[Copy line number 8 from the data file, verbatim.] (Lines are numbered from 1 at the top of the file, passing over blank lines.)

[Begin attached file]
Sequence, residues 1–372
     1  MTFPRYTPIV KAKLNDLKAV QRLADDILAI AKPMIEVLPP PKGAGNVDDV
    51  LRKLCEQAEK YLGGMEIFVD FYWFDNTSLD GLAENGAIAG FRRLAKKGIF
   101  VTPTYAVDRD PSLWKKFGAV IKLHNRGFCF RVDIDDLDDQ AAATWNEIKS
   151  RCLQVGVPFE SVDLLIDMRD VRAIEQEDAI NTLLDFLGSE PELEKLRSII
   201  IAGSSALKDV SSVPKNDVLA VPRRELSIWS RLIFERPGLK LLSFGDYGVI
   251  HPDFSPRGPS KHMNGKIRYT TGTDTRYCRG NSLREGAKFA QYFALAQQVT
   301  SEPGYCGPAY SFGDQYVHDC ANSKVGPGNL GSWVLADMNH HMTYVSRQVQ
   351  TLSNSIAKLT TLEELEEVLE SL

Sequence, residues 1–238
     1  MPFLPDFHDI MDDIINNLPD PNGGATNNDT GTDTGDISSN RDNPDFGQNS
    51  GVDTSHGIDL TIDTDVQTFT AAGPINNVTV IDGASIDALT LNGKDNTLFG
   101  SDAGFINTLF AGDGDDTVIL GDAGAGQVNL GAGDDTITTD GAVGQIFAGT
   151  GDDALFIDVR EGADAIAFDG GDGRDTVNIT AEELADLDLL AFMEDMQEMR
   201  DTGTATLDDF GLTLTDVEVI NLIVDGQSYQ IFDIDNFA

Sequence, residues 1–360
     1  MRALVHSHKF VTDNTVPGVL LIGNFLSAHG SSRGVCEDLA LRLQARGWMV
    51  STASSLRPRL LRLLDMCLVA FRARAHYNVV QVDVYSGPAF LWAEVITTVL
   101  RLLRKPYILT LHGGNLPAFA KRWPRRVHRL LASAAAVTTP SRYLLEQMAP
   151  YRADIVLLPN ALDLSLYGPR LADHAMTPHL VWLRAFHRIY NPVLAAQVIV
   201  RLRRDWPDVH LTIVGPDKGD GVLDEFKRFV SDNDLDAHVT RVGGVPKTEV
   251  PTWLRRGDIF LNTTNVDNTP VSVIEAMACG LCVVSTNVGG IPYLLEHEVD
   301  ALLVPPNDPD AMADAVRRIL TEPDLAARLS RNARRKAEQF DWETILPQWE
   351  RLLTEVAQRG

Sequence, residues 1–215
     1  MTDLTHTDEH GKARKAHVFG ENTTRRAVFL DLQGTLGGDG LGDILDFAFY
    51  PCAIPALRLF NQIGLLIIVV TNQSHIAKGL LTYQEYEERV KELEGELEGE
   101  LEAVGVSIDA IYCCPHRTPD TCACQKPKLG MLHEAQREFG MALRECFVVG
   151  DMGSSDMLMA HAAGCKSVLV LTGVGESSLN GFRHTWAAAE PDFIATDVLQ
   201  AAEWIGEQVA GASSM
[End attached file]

   301  SEPGYCGPAY SFGDQYVHDC ANSKVGPGNL GSWVLADMNH HMTYVSRQVQ